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Now I'm just ranting.
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wrin
Models are dying after subsisting on tomato-and-lettuce diets, but us Western women think we're fat unless we look like them.

I can't think of a better way to say "your diet is extreme" than dying from it. Why do I want so badly to look like that? It's inappropriate, and I know it, but I want.

Then there's the topic of Photoshop. There's a billboard I pass every day, with a before-and-after picture of this woman. The pictures are uncannily similar, which makes sense, because it isn't actually a before-and-after transformation at the spa. What happened is someone took a photograph of this woman in bad lighting looking all ugly, photoshopped in her makeup, colour-corrected her skin, digitally removed her blemishes, changed her hair colour using a paint tool, and now they're trying to pass it off as a good makeup-and-hair job at the spa.

There isn't a shred of reality in that picture. She's been so digitally altered she's more an illustration than a picture of a person, but they're trying to tell you that you can look like that... after you've forked over the money.

I hate it when beauty photographs have been digitally altered so as to look perfect, because then every woman who doesn't understand the concept of digitally altering photos will wake up, looking all ugly after a night in the sack, bed hair and bad lighting that is the bathroom, sigh at herself in the mirror, and tell herself she's ugly because she doesn't look like Kate Moss.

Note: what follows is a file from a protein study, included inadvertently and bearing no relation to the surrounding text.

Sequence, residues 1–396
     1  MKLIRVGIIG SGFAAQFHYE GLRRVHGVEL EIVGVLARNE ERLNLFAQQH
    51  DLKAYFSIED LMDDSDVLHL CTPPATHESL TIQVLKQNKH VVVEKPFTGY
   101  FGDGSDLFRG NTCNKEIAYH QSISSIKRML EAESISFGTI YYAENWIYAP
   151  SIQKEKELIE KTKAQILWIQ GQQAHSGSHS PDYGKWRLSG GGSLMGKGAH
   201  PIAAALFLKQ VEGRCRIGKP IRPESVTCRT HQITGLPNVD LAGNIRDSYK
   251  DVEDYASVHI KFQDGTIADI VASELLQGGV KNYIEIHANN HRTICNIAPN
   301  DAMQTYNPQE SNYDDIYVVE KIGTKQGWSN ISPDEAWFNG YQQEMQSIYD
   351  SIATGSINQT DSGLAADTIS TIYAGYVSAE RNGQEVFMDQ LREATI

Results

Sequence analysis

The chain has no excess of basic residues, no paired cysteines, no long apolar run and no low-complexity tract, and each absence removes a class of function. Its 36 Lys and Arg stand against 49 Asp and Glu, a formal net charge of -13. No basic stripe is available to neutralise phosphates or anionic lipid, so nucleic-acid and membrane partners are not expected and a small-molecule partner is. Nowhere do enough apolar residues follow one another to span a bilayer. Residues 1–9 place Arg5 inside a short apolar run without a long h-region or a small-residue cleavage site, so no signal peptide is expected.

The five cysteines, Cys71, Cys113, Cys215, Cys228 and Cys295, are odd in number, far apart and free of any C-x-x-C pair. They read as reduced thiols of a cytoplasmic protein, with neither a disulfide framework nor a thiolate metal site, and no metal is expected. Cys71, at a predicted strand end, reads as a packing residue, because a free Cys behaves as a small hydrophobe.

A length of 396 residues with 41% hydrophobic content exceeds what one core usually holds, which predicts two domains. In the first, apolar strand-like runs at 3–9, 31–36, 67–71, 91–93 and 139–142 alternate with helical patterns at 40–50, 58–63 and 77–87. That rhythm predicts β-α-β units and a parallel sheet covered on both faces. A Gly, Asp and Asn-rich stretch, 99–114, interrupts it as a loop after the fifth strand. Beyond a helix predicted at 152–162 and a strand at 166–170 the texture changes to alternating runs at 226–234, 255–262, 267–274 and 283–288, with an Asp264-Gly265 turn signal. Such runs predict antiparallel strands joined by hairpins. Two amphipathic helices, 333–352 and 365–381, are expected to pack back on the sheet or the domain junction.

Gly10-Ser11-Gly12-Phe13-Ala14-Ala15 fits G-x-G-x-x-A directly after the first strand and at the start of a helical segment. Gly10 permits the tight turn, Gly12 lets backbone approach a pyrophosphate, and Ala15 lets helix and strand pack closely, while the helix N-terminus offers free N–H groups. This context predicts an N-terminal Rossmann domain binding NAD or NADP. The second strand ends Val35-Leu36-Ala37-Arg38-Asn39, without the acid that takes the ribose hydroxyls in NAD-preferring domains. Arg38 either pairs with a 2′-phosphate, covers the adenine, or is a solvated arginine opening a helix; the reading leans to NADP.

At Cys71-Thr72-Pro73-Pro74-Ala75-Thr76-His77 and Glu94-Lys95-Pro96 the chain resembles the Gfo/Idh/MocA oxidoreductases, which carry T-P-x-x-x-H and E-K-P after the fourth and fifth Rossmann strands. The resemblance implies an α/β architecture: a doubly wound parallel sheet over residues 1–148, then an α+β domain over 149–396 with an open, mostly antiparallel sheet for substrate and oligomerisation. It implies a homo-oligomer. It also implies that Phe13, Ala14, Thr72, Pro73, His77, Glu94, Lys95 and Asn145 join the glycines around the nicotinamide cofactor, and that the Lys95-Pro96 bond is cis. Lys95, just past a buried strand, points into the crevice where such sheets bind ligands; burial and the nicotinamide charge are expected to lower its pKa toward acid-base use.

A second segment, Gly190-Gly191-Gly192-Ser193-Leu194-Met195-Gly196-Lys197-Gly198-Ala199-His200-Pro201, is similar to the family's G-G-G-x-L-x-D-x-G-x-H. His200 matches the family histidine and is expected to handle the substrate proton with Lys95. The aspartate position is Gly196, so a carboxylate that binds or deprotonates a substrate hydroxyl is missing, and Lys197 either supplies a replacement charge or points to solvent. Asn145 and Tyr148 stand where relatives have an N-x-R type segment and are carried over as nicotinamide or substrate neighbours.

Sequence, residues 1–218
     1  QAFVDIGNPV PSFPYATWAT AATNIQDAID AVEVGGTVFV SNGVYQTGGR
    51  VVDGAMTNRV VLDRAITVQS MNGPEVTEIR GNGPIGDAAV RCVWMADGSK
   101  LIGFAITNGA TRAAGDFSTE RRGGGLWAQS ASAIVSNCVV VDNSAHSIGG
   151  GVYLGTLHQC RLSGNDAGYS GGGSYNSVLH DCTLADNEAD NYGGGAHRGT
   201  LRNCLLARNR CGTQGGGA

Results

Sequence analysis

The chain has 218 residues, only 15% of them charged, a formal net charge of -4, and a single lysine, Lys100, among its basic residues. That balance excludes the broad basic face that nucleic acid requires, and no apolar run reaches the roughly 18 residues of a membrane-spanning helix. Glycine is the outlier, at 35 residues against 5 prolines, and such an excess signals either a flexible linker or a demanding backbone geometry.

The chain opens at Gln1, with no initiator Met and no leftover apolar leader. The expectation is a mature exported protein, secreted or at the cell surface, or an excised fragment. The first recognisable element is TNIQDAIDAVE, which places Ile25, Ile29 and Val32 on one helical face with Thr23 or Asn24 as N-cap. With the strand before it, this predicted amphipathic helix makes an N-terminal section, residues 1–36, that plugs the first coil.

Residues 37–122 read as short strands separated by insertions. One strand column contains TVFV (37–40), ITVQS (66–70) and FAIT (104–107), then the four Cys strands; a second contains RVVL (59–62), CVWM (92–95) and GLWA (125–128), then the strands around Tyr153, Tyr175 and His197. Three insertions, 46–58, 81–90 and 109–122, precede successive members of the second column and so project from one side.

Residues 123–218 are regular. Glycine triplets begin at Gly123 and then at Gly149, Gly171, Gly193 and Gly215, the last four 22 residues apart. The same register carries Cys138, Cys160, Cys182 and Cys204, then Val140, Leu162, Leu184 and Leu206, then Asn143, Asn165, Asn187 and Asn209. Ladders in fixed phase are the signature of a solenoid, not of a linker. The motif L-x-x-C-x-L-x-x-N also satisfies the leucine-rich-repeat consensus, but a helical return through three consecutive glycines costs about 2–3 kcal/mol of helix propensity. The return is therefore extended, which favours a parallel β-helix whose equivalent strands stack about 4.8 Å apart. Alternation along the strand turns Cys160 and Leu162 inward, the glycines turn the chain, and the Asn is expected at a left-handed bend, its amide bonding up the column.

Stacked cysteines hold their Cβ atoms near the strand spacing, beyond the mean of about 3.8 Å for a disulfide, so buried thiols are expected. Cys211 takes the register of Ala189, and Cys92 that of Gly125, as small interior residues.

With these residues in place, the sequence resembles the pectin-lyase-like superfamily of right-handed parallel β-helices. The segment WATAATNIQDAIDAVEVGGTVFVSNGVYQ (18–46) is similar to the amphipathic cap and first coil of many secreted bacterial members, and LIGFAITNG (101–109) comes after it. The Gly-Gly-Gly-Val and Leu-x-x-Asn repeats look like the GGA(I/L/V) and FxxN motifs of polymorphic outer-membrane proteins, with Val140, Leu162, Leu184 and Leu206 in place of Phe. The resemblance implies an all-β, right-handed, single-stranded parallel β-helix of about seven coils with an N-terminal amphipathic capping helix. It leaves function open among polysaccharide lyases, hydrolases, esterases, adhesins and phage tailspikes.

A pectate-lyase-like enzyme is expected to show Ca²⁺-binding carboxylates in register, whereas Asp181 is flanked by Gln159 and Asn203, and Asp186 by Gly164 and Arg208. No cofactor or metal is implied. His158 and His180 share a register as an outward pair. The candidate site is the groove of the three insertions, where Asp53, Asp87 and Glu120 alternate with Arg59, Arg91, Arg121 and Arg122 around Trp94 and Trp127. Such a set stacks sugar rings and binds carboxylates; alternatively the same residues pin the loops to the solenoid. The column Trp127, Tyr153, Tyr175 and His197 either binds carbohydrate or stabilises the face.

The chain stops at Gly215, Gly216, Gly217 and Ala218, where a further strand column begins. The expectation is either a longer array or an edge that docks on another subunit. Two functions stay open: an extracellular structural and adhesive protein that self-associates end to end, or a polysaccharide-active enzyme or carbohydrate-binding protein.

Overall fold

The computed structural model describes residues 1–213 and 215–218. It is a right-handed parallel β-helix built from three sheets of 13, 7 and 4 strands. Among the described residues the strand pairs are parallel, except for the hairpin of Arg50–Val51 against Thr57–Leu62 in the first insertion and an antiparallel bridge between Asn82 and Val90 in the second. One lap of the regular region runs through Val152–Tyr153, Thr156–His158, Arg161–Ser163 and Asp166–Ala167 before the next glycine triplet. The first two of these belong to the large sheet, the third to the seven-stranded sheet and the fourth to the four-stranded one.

They prey on us. They prey on our insecurity. They tell us, like abusers tell their battered partners, that nobody will love us unless, that we're worthless because, that our feelings of emptiness and nagging anxiety are because we aren't pretty enough, thin enough, or talented enough.

The sick part is that we buy it.

I wonder how much of womens' obesity could be traced back to depression regarding body image? We're killing ourselves both ways, with our depression and our obsession. But how hard it is to let go of the idea that our "beauty", in some way, reflects our worth as a woman. We fail to see our real beauty. And it's tragic.

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One thing I could never understand is the whole women wanting to be a bone rack thing. Society seems to have ingrained in women from an early age that they need to loose weight. Ask any woman and she will say she needs to loose 5 to ten pounds, regardless of what she weighs.

looking all ugly after a night in the sack, bed hair and bad lighting that is the bathroom, sigh at herself in the mirror, and tell herself she's ugly because she doesn't look like Kate Moss Then you look back at your partner and realise that he is there for you, not Kate Moss.

When you feel insecure about your looks just remember that your partner loves you for you, and that you are the most beautiful woman in the world to him. That should be all the validation you need.

There's this Eve Ensler play which you oughta read called 'The Good Body'. It deals with a lot of these issues head on.

BTW, are you busy tomorrow (Thursday) during the day?

I'm busy until my CPR class is done. I think that's around noon.

I'm so relieved to see that someone out there feels the same way I do concerning the perfection we see in the media. Anyone with a brain cell and a half can see that no one, not even the girls in the pictures, look like the girls in the pictures, and yet all but two or three of the women I know aren't happy with themselves. Everyone else thinks they need to be taller, or thinner, or have blonde hair or any number of things like that, and it's sick.